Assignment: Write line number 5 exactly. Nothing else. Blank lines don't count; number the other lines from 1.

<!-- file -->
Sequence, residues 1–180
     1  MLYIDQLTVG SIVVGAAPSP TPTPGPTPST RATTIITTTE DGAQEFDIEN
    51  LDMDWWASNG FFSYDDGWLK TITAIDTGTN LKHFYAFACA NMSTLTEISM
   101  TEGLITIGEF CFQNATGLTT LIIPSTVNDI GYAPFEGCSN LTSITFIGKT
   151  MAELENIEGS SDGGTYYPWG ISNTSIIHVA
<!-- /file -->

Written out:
   151  MAELENIEGS SDGGTYYPWG ISNTSIIHVA